And let’s face it, new information is arriving daily with new possibilities to match. Take this recent quote from Andreessen:

“One guy can now build a self driving car. We recently backed a founder who had built his own self driving car. Literally, one guy can now build a self driving car. Ten years ago this was like a DARPA Funded Grand Challenge Research Project. Five years ago this was a team of a thousand at Google. And now, it’s George. It’s one of those things (AI & machine learning) that looks like it’s about to tip, there is one George today, and a thousand Georges tomorrow.”

George & his self driving car

He was referring to George Hotz above.

The insight for entrepreneurs is that the pace of change is faster than a linear human mind can cope with. That idea or technology that you think is just a little too early probably isn’t. The most important thing in society, economics, business and Government today is the law of accelerating returns. And this is just one example of it in action.

If you you’d like to learn more, there is a rare opportunity to attend Singularity University in the Souther Hemisphere. An SU summit is being held in Christchurch this November. I’ll be there absorbing everything I can – why not join me? More details are here – I imagine it will sell out quick given the 2 year plus waiting in the Silicon Valley Campus.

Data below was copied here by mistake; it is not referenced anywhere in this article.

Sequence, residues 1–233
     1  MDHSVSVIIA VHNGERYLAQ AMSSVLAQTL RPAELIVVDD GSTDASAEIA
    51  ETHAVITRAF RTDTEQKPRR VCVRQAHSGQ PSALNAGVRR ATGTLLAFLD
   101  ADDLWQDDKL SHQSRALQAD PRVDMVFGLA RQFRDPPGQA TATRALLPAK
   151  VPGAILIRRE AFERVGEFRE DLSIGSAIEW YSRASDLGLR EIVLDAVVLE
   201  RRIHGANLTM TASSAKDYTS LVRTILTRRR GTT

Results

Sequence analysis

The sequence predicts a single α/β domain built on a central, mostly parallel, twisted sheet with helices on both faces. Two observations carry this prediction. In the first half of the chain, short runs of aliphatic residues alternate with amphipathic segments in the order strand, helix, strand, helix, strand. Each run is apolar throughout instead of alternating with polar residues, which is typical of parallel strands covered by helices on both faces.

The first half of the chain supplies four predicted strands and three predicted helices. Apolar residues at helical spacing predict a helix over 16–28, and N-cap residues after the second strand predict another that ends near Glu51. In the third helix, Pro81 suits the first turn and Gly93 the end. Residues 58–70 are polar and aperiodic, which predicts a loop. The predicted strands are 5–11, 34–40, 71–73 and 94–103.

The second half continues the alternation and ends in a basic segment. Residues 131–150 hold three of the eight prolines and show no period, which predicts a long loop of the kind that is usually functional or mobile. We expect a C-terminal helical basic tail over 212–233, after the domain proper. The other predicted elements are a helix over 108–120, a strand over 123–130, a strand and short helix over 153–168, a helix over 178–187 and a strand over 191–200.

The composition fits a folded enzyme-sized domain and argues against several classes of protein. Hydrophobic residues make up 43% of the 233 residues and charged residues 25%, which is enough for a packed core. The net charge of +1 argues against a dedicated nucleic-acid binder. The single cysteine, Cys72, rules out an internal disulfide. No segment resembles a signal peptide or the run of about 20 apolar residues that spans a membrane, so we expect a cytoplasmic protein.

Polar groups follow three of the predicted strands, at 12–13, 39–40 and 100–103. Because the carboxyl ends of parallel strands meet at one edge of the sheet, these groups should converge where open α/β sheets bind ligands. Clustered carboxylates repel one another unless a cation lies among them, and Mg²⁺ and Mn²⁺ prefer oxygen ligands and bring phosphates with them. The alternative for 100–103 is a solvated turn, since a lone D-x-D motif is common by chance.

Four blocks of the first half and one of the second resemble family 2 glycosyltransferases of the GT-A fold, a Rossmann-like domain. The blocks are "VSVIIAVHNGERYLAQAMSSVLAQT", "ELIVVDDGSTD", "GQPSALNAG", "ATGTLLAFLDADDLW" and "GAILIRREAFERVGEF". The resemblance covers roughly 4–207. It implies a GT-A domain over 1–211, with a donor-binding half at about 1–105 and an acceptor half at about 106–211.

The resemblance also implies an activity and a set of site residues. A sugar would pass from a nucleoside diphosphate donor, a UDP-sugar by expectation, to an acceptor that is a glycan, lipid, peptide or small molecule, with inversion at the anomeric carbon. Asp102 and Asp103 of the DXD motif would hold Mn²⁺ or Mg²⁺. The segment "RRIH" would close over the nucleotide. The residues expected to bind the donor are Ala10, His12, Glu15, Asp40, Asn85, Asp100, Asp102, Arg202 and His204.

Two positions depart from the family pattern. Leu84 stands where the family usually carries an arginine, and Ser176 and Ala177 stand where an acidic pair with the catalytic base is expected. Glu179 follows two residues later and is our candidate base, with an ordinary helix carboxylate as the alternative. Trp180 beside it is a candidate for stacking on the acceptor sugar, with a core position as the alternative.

Heraclitus & startups


“No man ever steps in the same river twice, for it’s not the same river and he’s not the same man.”

These words were spoken by Greek Philosopher Heraclitus. I think we can all agree that what he has said can only be true.


No person can visit the same city twice

No person can have the same idea twice

No business can fail twice.

While a second attempt at a similar business venture may still fail, it was not the same business that failed. And it was not the same founders, regardless of their fingerprints.

The truth behind economics is people and culture, both of which are in a constant state of flux.  And while the past tells a story of what was, it doesn’t always tell the story of could be.

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The type of thinking needed in exponential times

Busy road with fumes

If you could choose a house on a busy road, or a quiet road in the same suburb, and price was not an issue, the choice is simple – the quiet road wins every time. And we all know why – less pollution, less noise, less danger. Oh, and quieter streets are usually nicer to look at. The prices of real estate reflect this. A house of similar quality on a busier road can be as much as 50% cheaper.